“A good effect in worrying the enemy”: Demonstrations on the Stono and Edisto Rivers, January 1865

Earlier this week I mentioned several demonstrations that took place along the coast of South Carolina in the last days of January 1865.  One of these demonstrations lead to the loss of the USS Dai Ching.  Less costly, and more important to the overall Federal efforts, were two demonstrations which for all practical purposes wereContinue reading ““A good effect in worrying the enemy”: Demonstrations on the Stono and Edisto Rivers, January 1865″

Guns pointed at Sherman: Confederate artillery dispositions in South Carolina, January 1865

In total, 322 fixed and 108 field artillery pieces opposed the Federals as the embarked on the march into South Carolina. In Sherman’s two wings, the Federals brought only 68 field guns. Yet, much like they say about real estate, when it comes to artillery on the battlefield it is all about “location, location, location.” With less infantry and cavalry to oppose the Federals, the Confederates could not bring their numerical advantage in artillery to bear.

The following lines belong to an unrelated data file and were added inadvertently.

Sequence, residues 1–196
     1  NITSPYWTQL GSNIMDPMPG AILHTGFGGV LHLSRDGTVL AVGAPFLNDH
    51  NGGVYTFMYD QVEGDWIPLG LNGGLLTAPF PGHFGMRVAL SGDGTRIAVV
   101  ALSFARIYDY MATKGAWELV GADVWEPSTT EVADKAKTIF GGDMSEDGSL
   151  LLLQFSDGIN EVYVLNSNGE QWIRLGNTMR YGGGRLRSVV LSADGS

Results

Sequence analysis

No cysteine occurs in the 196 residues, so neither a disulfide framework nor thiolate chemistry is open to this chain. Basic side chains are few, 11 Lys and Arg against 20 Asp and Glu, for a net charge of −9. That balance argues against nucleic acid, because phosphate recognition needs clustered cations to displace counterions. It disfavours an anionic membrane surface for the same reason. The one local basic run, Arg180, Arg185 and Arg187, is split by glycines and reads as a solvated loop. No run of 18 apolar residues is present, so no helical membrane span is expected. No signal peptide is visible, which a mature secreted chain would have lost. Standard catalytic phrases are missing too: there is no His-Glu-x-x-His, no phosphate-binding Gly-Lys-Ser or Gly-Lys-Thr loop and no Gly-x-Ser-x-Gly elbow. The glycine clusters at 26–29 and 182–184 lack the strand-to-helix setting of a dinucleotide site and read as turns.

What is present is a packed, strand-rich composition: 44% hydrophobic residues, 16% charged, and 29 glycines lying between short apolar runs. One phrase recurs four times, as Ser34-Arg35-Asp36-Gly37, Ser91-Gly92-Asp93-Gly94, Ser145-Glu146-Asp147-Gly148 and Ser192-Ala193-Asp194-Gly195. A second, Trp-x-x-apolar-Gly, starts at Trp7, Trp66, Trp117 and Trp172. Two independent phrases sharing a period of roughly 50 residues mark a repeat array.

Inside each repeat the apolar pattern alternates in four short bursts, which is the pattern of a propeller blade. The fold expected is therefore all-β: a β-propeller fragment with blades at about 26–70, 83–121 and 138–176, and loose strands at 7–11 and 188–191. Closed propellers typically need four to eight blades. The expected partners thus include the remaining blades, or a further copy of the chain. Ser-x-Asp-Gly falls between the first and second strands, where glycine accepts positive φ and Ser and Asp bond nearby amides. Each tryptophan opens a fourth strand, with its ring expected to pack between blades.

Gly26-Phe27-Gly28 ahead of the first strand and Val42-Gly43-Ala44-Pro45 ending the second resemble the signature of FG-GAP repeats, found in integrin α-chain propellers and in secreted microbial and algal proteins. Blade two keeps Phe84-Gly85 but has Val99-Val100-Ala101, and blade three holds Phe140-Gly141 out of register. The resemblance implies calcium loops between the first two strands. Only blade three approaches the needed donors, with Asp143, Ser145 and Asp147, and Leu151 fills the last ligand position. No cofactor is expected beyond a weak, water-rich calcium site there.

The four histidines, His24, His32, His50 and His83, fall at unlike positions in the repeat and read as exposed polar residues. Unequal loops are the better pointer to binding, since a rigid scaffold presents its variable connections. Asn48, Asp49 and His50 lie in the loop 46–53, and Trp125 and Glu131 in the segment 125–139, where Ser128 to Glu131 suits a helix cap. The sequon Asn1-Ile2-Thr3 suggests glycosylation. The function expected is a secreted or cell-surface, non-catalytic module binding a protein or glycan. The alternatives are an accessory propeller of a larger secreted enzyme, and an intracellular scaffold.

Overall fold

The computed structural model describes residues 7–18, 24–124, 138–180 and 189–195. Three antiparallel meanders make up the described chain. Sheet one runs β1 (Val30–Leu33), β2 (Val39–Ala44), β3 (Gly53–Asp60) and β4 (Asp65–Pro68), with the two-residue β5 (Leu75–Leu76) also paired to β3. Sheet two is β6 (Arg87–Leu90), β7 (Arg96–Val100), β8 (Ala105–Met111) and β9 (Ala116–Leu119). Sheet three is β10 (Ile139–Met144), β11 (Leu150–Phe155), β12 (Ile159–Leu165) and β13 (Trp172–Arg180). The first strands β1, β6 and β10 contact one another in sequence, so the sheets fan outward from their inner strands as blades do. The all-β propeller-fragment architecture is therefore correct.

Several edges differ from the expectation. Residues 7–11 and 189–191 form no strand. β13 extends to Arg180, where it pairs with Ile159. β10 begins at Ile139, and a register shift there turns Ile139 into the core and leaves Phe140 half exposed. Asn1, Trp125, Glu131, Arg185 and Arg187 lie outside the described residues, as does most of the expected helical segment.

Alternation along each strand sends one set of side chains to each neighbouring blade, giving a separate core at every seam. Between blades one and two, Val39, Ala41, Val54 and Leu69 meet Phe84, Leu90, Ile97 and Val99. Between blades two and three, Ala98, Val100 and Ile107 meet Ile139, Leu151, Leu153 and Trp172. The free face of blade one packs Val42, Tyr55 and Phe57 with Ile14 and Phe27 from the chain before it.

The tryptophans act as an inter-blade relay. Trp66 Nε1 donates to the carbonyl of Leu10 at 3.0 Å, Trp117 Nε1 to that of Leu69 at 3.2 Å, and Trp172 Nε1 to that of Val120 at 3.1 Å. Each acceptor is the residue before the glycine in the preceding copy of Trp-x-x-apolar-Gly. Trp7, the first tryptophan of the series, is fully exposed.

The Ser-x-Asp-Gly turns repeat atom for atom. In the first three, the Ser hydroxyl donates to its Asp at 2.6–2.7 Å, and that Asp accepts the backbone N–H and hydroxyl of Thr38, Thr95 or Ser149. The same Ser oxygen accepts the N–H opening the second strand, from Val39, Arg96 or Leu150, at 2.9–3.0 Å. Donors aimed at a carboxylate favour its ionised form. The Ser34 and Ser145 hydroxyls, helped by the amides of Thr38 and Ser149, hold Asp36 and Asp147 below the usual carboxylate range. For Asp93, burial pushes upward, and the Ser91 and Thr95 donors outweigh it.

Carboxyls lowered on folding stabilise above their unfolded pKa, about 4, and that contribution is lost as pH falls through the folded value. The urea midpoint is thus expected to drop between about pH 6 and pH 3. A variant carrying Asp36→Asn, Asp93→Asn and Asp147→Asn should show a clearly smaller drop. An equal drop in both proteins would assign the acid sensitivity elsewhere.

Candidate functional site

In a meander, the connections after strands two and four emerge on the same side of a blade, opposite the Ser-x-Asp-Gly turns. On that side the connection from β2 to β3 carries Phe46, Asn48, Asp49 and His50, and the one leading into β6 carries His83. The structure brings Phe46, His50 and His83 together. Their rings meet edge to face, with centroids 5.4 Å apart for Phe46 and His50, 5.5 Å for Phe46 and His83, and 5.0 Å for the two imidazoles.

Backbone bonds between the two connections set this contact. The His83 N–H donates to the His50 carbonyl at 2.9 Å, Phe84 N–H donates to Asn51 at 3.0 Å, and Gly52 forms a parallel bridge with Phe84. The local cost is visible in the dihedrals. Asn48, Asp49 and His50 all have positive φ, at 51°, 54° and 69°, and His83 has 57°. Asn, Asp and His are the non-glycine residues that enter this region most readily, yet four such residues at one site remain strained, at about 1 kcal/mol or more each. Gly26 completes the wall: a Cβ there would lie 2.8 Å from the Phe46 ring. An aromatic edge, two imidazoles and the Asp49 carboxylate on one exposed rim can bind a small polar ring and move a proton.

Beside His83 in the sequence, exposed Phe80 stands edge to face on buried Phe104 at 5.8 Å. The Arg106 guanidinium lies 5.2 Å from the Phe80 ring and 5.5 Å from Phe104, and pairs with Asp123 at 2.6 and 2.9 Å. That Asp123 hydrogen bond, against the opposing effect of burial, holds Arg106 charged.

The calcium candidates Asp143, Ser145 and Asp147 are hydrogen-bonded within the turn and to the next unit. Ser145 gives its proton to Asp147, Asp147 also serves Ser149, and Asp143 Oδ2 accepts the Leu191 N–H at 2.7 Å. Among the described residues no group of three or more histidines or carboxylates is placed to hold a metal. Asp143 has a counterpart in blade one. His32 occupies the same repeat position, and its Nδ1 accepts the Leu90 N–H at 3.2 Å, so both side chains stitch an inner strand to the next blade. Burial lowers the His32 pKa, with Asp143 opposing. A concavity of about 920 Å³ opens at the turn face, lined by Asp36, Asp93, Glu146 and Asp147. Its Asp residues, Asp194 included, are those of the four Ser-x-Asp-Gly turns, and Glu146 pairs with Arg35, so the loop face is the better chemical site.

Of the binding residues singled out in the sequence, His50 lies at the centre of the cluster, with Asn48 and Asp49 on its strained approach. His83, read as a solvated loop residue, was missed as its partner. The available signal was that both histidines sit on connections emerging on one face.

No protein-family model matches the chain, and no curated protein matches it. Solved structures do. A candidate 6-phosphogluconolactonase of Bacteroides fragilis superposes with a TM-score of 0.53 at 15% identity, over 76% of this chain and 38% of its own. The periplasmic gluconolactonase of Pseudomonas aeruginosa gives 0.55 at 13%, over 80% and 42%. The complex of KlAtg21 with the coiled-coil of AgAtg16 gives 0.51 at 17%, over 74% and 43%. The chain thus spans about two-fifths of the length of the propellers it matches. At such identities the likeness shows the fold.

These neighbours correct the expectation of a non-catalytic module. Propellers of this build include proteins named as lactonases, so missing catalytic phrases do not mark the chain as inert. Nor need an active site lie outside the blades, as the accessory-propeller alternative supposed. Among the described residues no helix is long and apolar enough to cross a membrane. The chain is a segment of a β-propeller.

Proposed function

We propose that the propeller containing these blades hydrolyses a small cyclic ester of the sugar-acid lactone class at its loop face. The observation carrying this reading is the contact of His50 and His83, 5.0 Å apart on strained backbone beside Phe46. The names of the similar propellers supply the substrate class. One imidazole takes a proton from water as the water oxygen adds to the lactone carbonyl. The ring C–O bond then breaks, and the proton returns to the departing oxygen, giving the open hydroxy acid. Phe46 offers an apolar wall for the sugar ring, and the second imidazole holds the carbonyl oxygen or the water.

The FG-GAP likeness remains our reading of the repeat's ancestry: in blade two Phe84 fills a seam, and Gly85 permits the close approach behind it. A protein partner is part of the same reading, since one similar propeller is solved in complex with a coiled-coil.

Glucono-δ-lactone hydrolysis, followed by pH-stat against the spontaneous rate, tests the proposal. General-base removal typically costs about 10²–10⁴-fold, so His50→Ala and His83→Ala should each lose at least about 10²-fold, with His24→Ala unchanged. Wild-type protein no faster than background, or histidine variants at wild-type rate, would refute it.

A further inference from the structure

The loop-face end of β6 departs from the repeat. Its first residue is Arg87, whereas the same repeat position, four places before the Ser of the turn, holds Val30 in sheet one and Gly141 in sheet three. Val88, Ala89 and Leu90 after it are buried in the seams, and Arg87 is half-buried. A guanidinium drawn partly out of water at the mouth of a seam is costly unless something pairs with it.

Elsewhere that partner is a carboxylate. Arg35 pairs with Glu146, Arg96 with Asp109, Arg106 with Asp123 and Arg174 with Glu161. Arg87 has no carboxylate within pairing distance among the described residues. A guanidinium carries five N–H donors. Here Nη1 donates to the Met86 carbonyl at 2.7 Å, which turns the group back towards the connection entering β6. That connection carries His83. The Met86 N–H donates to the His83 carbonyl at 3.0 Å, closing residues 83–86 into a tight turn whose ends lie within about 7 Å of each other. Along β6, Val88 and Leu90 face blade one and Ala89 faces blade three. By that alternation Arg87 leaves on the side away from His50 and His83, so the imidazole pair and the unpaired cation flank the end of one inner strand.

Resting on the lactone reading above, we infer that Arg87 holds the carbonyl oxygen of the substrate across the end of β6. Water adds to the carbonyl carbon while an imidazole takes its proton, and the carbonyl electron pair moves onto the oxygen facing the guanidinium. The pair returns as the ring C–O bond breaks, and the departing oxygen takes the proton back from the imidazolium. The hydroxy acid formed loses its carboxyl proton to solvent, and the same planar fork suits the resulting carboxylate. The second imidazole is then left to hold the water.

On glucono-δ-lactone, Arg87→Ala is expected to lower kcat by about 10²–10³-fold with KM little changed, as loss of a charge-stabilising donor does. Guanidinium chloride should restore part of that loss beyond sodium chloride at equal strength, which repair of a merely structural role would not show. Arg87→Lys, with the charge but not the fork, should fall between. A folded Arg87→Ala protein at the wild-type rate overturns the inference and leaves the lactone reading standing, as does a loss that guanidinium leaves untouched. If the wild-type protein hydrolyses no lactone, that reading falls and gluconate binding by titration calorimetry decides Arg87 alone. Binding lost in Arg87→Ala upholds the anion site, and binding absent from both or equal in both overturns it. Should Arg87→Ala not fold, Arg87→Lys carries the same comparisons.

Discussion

Confederates start work on Fort Trenholm, the last important addition to Charleston’s defenses

On September 13, 1864, Major-General Samuel Jones sent, by way of his Assistant Adjutant-General, an order to Brigadier-General Beverly Robertson, commanding the Second and Sixth Military Districts of South Carolina: General: The engineers are just about commencing the erection of a work on John’s Island opposite Battery Pringle. The force on James Island has beenContinue reading “Confederates start work on Fort Trenholm, the last important addition to Charleston’s defenses”